“Everclear? Is that you? My god, I haven’t seen you in years! You haven’t changed a bit! Same ragged, hook-laden riffs, same Pacific Northwest quasi-punk sensibility — are you using some sort of age-defying rock band formula? Because you are exactly the same as the last time we met! ”
Ahh, yes. Everclear. Summer of ’95 and the FM just wouldn’t shut up about “Heroine Girl. ” Or “Santa Monica. ” Or “You Make Me Feel Like a Whore. ” They all sounded basically the same — the same as each other, and the same as Everclear’s latest release, the Ã¼ber-produced Slow Motion Daydream (Capitol).
Like any good casserole, Everclear was better the second time around with So Much for the Afterglow. But by 2000’s Scenes from an American Movie, the sauce had congealed and the cheese crusted over. There’s only so long you can pick at a dish (see also: Bad Religion post-Epitaph Records).
And yet Everclear stubbornly picks away, like second-tier actors accepting only sure-thing roles. Frontman Art Alexakis has shifted his angst from an indulgent “poor me ” to a contrived “poor us, ” lamenting the state of the world while continuing to radiate a self-imposed superiority.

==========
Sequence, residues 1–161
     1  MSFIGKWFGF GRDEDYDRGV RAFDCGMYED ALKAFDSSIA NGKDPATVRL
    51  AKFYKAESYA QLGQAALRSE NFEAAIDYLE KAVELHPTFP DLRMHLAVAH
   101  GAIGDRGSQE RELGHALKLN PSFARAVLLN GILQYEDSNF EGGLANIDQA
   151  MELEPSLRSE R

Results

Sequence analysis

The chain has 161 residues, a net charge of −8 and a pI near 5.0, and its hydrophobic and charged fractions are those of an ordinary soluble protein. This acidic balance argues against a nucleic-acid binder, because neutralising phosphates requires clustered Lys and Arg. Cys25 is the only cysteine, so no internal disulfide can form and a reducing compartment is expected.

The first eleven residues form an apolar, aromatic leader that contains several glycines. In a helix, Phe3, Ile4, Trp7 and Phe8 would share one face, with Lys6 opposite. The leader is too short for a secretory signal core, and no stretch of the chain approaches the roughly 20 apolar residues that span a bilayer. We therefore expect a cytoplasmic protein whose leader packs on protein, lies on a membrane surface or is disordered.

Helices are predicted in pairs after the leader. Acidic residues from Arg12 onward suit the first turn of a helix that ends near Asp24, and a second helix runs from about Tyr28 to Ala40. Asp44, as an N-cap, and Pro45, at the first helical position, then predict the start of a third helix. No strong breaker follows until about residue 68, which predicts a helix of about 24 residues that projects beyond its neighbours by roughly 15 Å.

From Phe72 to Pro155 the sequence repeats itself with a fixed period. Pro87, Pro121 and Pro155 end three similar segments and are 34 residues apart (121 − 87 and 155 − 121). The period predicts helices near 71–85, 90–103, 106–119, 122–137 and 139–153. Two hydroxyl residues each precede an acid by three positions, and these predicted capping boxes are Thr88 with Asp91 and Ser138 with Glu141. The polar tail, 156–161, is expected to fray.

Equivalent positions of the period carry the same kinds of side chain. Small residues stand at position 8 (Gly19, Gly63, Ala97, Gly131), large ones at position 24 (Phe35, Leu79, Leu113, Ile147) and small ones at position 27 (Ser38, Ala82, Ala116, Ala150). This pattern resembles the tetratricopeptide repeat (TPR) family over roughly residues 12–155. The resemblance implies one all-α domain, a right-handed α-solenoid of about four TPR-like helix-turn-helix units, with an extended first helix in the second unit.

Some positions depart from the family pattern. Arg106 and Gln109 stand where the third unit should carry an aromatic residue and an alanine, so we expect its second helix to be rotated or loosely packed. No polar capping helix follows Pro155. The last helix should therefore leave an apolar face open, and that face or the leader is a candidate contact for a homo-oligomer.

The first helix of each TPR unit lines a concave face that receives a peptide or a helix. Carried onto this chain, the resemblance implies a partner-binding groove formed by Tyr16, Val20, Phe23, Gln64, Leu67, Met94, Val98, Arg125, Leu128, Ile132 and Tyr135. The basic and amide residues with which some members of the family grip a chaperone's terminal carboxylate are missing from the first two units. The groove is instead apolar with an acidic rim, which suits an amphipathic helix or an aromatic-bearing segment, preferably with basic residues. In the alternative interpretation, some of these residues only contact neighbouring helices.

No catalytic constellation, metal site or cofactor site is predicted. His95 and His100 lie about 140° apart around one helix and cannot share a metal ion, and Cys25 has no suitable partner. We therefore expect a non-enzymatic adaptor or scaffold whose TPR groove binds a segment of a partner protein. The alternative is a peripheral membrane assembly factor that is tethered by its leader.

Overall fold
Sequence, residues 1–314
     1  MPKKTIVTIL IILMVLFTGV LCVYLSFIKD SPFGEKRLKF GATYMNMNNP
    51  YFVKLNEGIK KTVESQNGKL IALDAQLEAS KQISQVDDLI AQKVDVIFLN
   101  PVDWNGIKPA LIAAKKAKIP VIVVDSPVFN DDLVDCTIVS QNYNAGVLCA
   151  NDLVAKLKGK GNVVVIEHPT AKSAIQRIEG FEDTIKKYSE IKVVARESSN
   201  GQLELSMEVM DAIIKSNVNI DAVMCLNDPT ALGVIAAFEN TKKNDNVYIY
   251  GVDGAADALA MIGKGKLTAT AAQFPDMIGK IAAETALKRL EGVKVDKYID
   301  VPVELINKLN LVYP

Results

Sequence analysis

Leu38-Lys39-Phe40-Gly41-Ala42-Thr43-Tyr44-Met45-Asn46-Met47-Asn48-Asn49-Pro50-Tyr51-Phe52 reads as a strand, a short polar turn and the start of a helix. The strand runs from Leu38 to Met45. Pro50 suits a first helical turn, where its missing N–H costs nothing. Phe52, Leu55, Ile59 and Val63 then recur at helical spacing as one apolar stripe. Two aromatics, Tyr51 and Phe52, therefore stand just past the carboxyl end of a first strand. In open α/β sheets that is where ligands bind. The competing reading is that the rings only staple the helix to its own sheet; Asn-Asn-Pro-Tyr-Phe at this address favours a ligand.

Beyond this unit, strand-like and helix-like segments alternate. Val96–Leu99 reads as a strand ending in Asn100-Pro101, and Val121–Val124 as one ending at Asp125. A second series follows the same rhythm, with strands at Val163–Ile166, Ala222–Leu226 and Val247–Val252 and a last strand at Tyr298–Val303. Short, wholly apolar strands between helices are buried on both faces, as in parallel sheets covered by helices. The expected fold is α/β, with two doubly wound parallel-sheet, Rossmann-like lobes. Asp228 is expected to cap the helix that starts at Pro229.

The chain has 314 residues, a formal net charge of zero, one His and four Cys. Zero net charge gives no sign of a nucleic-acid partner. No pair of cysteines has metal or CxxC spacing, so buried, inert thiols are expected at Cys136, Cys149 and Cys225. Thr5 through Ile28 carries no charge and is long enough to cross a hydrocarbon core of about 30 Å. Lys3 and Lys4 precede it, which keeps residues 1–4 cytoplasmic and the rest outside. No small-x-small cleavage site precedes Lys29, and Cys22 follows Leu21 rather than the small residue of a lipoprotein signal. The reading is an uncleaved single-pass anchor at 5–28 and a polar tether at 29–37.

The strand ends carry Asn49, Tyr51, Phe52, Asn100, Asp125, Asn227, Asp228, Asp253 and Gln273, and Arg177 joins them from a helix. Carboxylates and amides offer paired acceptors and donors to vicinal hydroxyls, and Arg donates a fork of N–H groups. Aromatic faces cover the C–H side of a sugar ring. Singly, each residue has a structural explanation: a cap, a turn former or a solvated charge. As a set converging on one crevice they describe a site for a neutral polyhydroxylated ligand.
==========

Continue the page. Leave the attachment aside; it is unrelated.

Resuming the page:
Credit is due to any band that tackles even a modicum of politics in today’s frigid scene, increasingly hamstrung by see-no-evil Clear Channel media empires and their lackey DJs. And at times, Everclear nails the zeitgeist — “Blackjack ” crosshairs Attorney General John Ashcroft, rather than the obvious choice of G. Dubya, as America’s largest boil in need of a good lancing.
But cheap shot clichÃ©s abound. The single, “Volvo Driving Soccer Mom, ” may as well be an SNL parody of Alexakis. On retired porn stars, he imagines this: “I think they moved out to the suburbs/And now they’re blond, bland, middle-class Republican wives/They all have blond, bland, middle-class Republican children/Blond, bland, middle-class Republican lives. ” And on and on. Alexakis, incidentally, is also blond, upper-class, and increasingly bland.
Though it’s not surprising that “Soccer Mom ” was elected the single — so accessible it’s dull — “New Blue Champion ” would have been a better choice. Not only is it Oasis-ish enough with its soaring string section to fill the gap left by the Gallagher brothers’ last release that few cared to purchase, the gratingly bombastic Heathen Chemistry, but it also could have helped the band break free from their standard fuzzy-chord, chorus-dependent formula.
Unfortunately, that’s unlikely to ever happen. Everclear is as post-grunge Nineties as Tom Selleck is post-mustache Eighties, and just about as relevant. Perhaps a Friends cameo before the fade-out? So much for the afterglow, indeed.
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